The prohibition of alcohol amongst other things, a lack of bacon and other pork products, putting up with laws that state unmarried men and women cannot mix unaccompanied… I find myself breaking the law on many counts just by driving some women (who are by law unable to drive) to a party and enjoying some homemade “tea!” Of course add another count, when you manage to enjoy a bacon buttie for breakfast when someone has been able to bring home the bacon from neighbouring Bahrain… a small island off the east coast of Saudi which like Dubai, is more relaxed and used by many expats and Saudi locals alike as a weekend playground!

I have had to fight the government censors in a country that censors everything from newspapers and magazines, CD covers and packaging for underwear through to television, Hollywood movies and the internet. Last August, a couple of days after I signed up to Redbubble, my activity must have been picked up on and the site was blocked. The government frowns on many photography websites where a little too much naked flesh could be on offer!

Well, I’m not one to let little setbacks like that stop me… I had tasted the fruit of Redbubble, and I wanted more! So with lots of persistence and letter writing, I was thankful to be able to plea Redbubbles innocence, get the site unblocked and reactivate my account a month or so after I had last visited it… Happy to be back online I had a shot of some camels featured a couple days later.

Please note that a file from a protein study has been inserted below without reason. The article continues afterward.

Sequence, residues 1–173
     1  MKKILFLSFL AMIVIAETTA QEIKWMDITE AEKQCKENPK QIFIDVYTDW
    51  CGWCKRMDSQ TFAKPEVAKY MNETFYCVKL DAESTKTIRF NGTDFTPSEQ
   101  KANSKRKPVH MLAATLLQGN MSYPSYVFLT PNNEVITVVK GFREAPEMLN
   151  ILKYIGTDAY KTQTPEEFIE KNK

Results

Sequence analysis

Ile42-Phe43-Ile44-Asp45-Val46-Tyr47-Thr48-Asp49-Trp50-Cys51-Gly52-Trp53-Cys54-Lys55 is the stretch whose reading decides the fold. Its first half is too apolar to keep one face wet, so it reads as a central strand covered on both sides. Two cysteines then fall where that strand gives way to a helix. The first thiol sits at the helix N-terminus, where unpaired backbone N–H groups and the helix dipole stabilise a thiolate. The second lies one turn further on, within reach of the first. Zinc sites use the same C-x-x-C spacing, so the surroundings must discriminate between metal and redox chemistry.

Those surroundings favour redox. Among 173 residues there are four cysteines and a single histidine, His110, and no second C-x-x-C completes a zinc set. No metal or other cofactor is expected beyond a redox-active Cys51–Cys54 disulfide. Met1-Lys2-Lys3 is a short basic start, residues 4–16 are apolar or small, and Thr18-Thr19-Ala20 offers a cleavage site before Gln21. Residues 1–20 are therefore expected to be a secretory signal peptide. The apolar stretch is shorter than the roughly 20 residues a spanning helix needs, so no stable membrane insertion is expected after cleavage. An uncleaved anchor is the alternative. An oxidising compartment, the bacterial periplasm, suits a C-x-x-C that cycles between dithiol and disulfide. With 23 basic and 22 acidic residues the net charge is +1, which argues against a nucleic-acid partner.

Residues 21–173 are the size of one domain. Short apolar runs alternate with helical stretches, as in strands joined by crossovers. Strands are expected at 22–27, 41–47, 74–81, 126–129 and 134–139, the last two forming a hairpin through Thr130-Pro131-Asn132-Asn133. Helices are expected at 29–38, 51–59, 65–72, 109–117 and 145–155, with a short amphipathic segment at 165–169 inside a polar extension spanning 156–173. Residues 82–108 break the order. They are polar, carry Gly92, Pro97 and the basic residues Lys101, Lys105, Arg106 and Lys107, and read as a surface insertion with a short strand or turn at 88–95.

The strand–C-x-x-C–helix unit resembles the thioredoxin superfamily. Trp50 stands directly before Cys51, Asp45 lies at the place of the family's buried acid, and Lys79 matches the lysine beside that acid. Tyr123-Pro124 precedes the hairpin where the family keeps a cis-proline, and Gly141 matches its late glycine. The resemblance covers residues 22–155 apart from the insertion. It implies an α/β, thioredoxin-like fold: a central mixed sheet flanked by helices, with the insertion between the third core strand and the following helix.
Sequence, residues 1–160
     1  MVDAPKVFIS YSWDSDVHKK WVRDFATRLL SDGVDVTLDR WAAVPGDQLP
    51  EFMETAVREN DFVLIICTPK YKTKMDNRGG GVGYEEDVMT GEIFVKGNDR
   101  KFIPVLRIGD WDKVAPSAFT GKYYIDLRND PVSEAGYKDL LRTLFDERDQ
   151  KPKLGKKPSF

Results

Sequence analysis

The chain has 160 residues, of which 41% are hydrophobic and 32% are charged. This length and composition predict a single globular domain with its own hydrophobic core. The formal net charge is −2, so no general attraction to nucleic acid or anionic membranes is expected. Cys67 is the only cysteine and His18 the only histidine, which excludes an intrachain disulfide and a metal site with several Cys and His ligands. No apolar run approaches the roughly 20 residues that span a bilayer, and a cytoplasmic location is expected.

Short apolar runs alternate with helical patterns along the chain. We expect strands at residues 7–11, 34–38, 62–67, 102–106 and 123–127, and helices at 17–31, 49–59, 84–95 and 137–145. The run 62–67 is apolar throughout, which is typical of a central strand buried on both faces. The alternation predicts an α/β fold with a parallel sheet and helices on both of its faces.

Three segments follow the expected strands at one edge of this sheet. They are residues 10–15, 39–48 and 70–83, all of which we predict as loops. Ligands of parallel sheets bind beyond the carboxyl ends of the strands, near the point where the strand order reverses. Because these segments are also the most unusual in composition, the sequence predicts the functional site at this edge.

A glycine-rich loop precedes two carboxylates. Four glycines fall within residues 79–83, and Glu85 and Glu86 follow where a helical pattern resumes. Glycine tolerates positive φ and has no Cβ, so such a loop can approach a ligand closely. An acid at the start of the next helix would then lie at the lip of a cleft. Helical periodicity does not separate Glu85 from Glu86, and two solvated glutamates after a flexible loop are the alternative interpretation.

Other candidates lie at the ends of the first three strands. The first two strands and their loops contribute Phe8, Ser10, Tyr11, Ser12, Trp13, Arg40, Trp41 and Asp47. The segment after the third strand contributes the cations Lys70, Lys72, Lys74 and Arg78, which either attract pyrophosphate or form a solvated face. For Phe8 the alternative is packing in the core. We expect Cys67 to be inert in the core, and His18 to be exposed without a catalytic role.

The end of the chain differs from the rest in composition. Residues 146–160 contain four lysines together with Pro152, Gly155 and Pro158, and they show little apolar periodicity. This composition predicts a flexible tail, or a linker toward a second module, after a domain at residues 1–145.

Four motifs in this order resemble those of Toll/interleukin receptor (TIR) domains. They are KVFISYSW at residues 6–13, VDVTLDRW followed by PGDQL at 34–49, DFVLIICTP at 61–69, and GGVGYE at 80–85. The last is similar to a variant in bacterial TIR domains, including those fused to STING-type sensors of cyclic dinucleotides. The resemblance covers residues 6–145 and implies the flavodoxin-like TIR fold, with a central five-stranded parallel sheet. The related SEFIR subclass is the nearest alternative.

Whilst on the topic of photography, I have even been chased down the road by an angry beduoin guy who took offence to me taking pictures of some old mud buildings. I am thankful for two things… one, that I am a faster runner than him and secondly it was only a rock he was carrying.

I have experienced a total of 7 months of Ramadan in an Islamic country that forbids anyone; locals and foreigners alike from eating or drinking in public during daylight hours… watched locals led away by the Matawa (religious police) to prayer, or worse if they appear to have broken one of the many laws… seen women have to endure wearing their black abayas in public and being told to cover their hair or even legs if a little too much ankle is on show!

I have put up with the honking of horns at traffic lights as soon as the colour turns green, even watched drivers blatantly ignore traffic lights… put up with men driving at twice your speed suddenly appearing in your rear view mirror, virtually touching your rear bumper flashing their headlights and forcing you out of their way. I’ve seen drivers drive on the hard shoulder to beat the traffic, kids racing and ducking and diving between cars on the highway… I’ve seen the results of horrific accidents; I’ve even been forced off the road by a lunatic who cut me up, sending me airborne off the tarmac careering towards a concrete wall… I’ve seen my car with bent axles, punctured tyres and dented body work… luckily that day I saw myself looking back only in shock!